WINDERMERE, Fla. -- Tiger Woods went back to his very successful past to try to forge a path to the future.
Having plenty of time to study and assess due to another lengthy injury hiatus, Woods used the months when he didn't hit a shot to assess how best to hit them when he returns, with his first competition coming this week at the Hero World Challenge at Isleworth.
As part of the analysis, Woods has brought on "consultant'' Chris Como to help with the process of reworking his swing after a frustrating year of injuries saw him play just eight tournaments worldwide.
Saying the swing is "new, but it's old,'' Woods said he reviewed video going back to his junior golf days that preceded a 79-victory career on the PGA Tour that includes 14 major championships.
"It was quite interesting to see where my swing was then and how much force I could generate with a very skinny frame,'' Woods said Tuesday during a pre-tournament news conference. "How did I do that? How do I generate that much power? That's kind of what we are getting back into.''
Woods, who turns 39 on Dec. 30, appears leaner than he looked on Aug. 8, the day he limped off the course in Louisville having missed the cut at the PGA Championship.
Shortly after, Woods announced he would be shutting it down until this tournament, which benefits the Tiger Woods Foundation. He didn't hit any full shots until October and announced on Nov. 22 that Como, an instructor based near Dallas, would be working with him as a consultant.
Woods said Como's role will come with a different arrangement than he had with previous teachers Sean Foley, Hank Haney and Butch Harmon.
"I had this plan in my head of where I wanted to go and what I want my swing to look like and what I want to get out of my body and out of my game,'' Woods said. "I just needed to align myself with a person that felt the same way. Chris fits that for sure.''
Woods said he parted ways with Foley in August on good terms because "physically I just wasn't able to do some of the things that we needed to do in the golf swing. ... On a professional level, I think I needed to go a different direction.''
That direction is with an instructor who is relatively unknown, although he has worked with the likes of PGA Tour players Aaron Baddeley, Trevor Immelman and Jamie Lovemark. He also has a background in biomechanics, which suggests Woods wants to be attuned to working around the injuries that have caused him to miss six major championships dating to 2008.
Woods had microdiscetomy surgery March 31 for a disk issue in his back and then returned at the Quicken Loans National in June -- a return that Woods conceded might have been too soon.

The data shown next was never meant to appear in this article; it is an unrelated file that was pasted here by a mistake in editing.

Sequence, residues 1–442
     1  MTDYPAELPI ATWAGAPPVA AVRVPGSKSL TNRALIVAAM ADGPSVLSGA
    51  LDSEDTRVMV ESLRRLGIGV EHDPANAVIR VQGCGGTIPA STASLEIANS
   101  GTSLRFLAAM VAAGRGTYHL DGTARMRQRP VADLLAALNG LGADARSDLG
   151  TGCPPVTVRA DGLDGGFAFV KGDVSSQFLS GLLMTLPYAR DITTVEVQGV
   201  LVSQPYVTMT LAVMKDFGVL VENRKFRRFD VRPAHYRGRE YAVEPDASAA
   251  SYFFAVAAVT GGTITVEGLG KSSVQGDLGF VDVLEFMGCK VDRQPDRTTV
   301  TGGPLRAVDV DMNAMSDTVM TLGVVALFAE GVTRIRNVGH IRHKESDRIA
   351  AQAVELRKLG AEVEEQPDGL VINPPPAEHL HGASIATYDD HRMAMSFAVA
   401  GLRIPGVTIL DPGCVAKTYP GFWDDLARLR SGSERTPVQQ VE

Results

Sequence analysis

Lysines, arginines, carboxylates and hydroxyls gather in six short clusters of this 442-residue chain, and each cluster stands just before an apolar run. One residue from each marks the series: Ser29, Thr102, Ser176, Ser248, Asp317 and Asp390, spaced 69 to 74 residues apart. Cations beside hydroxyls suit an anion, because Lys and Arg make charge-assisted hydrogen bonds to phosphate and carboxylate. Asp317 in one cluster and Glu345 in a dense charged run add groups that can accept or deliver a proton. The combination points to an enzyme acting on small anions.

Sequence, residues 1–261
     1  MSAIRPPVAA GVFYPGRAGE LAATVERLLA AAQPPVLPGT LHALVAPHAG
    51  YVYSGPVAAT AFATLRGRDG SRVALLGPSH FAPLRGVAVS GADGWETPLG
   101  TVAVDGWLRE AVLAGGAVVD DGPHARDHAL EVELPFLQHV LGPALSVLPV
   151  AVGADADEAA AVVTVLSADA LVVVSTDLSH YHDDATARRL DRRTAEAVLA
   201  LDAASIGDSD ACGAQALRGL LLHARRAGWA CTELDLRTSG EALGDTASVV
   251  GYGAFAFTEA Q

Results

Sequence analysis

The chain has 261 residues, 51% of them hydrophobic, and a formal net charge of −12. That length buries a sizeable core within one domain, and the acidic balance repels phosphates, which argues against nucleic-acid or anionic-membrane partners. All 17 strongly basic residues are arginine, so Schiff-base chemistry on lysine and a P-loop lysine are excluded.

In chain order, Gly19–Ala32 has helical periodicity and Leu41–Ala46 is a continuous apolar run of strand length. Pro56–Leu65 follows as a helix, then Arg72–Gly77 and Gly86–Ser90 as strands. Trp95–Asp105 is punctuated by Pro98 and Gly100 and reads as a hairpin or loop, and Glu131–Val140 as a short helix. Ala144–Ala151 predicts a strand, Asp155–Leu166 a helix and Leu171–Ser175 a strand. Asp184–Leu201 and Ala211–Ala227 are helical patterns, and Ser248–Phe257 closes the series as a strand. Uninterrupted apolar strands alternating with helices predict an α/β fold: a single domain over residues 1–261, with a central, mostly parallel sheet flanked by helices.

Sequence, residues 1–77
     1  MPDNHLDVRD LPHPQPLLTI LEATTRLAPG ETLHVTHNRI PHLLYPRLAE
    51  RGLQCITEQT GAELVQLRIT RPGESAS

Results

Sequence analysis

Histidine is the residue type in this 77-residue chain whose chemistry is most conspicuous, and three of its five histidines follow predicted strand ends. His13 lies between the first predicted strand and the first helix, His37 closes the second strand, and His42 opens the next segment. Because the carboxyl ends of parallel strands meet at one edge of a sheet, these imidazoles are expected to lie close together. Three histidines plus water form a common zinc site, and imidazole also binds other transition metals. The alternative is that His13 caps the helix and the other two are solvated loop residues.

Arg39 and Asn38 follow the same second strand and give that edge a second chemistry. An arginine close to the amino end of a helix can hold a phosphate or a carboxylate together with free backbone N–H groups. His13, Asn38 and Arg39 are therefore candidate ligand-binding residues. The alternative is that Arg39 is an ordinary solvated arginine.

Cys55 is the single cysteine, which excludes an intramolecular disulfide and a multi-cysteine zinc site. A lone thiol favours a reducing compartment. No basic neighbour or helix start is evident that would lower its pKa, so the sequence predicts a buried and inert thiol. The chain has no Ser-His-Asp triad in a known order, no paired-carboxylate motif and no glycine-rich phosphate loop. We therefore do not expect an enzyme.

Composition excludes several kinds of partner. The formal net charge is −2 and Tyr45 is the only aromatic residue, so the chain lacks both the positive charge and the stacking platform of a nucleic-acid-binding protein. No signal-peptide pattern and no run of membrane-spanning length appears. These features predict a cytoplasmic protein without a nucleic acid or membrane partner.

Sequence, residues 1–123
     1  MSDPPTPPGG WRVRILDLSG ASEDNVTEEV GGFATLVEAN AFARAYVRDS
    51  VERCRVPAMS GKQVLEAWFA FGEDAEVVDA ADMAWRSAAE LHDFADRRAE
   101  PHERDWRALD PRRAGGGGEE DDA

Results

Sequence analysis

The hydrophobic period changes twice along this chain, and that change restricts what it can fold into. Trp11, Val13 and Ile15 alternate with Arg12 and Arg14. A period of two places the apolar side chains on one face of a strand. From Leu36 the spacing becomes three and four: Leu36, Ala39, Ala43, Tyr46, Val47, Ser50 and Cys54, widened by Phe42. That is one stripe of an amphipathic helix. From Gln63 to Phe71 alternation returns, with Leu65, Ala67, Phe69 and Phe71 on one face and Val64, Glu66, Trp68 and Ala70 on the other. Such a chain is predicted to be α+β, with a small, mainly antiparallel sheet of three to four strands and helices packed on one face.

In just his third event back, at the WGC-Bridgestone Invitational, Woods suffered another setback, although he said it was a different back injury. He withdrew during the final round, then tried to play in the PGA, where he missed the cut for just the fourth time as a pro in a major championship.
"I just need to hit more balls, but the body is good,'' Woods said. "I don't have the sharp pain like I had at the beginning of the year. But I'm past the rehab portion of it, and I don't have to do those tedious little rehab exercises. I can basically play with my kids and do whatever I want.''
A year ago, Woods was ranked No. 1 in the world when the World Challenge was played at Sherwood Country Club in Thousand Oaks, California. He lost in a playoff to Zach Johnson but was never the same in to 2014, a year that saw him finish no better than 25th. He has dropped to 24th in the world.
The 18-player World Championship field has no player worse than 39th in the world and 15 of the top 20. Woods is paired with Jason Day on Thursday and tees off at 12:15 p.m. ET not quite sure what to expect.
"I'm curious to find out myself,'' he said. "It's going to be nice playing a tournament this week and getting a feel for being under the heat and see where my swing is, see what shots -- where my misses are, not necessarily my good ones.
"I know my good ones are good. But where are the misses going to be? Am I able to rectify them right away, or is it going to take a shot or two, or a hole or two? Or maybe I might not be able to do it at all and that might not be a good thing. But I think I have a good understanding going into Thursday what I need to do to hit certain shots and see what happens.''
Isleworth was Woods' longtime home course before moving to Jupiter, Florida, in 2011. But it is just a one-year deal, as Woods announced that the World Challenge would move to the Bahamas and Albany Golf Club for the next three years.